Arkansas Representative Rick Crawford submitted written testimony Wednesday to the Subcommittee on Fisheries, Wildlife, Oceans, and Insular Affairs of the Committee on Natural Resources for a hearing regarding a recent report issued by the U.S. Fish & Wildlife Service addressing the national fish hatchery system. Arkansas’ First District houses two mitigation hatcheries, including the Greers Ferry National Fish Hatchery in Heber Springs and the Norfork National Fish Hatchery at Lake Norfork.
Since 2011, Representative Crawford has been working on finding a permanent solution to address the funding uncertainty surrounding the mitigation hatcheries. In June of 2012, Representative Crawford introduced H.R. 5931, the National Mitigation Fisheries Coordination Act. In June of 2013, Representative Crawford re-introduced the National Mitigation Fisheries Coordination Act for the 113th Congress. In addition to legislation, Representative Crawford has led several member letters requesting more information from U.S. Fish & Wildlife Service officials—as well as the President—on their priorities and methodologies regarding the funding and operations of the mitigation fish hatchery system.
In written testimony Crawford submitted Wednesday, he highlighted the $150 million economic impact that both hatcheries have had on not only the local economy, but also the entire state of Arkansas:
“For instance, the Greers Ferry Hatchery is responsible for over $36 Million of retail expenditures, for over 750 good jobs, jobs which themselves generate almost $20 Million. Greers Ferry generates over $2 Million in state and local tax revenue and over $2.3 Million in federal income tax. The total economic output is over $68 Million a year. The 2010 budget for Greers Ferry, the year of this study, was $606,000. That’s a return on investment of about $113 for every dollar spent.
“The numbers for the Norfork Hatchery are even bigger with $47 Million in retail expenditures, almost 1,000 jobs with over $25 million in job income, state and local taxes of over $2.8 Million, federal taxes of over $3 Million, for a total annual economic output of over $90 Million. Norfork National Fish Hatchery’s 2010 budget was $950,000. That is a return on investment of close to $100 for every dollar spent.
“Altogether, there is over $150 Million in annual economic output, and over 1,700 jobs directly at stake. And that’s just my district.”
Crawford also noted how the hatcheries have played a role in the overall development of the local communities, and how the efforts of the volunteers and professional staff of the hatcheries have been centered on developing responsible attitudes toward fishing and conservation in the local communities.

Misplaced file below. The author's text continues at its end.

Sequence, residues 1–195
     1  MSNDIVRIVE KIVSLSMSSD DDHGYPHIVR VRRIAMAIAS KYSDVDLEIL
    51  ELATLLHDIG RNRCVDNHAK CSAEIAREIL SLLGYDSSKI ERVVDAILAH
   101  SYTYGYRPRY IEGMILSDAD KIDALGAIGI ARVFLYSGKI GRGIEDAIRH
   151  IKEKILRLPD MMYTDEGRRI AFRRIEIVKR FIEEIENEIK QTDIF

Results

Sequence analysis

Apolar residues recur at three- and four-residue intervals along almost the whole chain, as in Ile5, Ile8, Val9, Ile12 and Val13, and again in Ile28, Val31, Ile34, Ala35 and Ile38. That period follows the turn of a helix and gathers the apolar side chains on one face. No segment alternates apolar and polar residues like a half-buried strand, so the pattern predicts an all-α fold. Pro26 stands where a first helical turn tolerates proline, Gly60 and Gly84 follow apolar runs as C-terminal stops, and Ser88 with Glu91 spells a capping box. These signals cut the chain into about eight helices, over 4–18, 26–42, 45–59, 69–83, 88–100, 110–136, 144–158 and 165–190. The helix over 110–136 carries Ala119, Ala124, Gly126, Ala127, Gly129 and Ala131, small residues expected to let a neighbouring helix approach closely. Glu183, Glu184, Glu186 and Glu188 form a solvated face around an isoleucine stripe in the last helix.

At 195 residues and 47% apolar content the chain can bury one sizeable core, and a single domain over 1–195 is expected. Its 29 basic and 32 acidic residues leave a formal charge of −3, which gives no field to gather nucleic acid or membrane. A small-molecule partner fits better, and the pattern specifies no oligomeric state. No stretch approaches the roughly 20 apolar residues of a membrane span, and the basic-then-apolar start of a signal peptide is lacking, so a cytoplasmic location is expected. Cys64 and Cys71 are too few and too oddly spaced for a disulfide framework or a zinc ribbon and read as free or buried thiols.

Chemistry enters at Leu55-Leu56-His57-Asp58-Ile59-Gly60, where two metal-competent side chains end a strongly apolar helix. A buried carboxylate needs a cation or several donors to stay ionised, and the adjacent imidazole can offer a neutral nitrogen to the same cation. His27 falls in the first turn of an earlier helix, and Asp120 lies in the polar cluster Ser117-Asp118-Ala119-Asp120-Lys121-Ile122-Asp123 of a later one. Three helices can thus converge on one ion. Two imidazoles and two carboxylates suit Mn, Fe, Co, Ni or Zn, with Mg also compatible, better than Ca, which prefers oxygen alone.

“People like Leon Alexander, who is the head of the Friends of the Norfork National Hatchery, and many others have tirelessly volunteered and given generously to help make these hatcheries more than just a place where fish are grown before being released. They have become places to visit and learn how fish grow from egg to fry, to fingerling to mature adult, to see and experience firsthand the lifecycle of fish. Places where young men and women learn the value of conservation and respect for hunting and fishing laws. These hatcheries play host to festivals and events that draw our communities closer together, programs to bring fishing to handicapped and disabled children, and are staffed by some of the most dedicated and hard-working people I have had the pleasure to meet.”
Crawford concluded his written comments by expressing his concern that the U.S. Fish & Wildlife Service was not taking into account the overall impact that the hatcheries have had in communities like Heber Springs and Norfork, Ark., as they determine how to utilize resources across their agency:
“I am truly astonished that the Service is even considering taking resources away from the mitigation hatchery program. A program that delivers so much, from thousands of jobs and millions in local, state and federal tax revenue, to the very things that throughout our Nation’s history have brought families and communities together.”
Crawford said he will continue to work with local, regional, and national stakeholders until a solution is found.
“Working towards finding a permanent solution for the Greers Ferry and Norfork National Fish Hatcheries has been a priority of mine since the early part of 2011 and will continue to be one of my top priorities until a solution has been found and enacted in to law,” said Crawford. “The economy of North-Central Arkansas has embraced these hatcheries from the beginning and by doing so has developed a reputation for world-class fly fishing. I will continue to work with local residents, businesses, utilities, and my colleagues in Washington to ensure that these hatcheries are there for many years to come.”
Please note the attached testimony from Representative Crawford.
Hatchery Report Hearing Testimony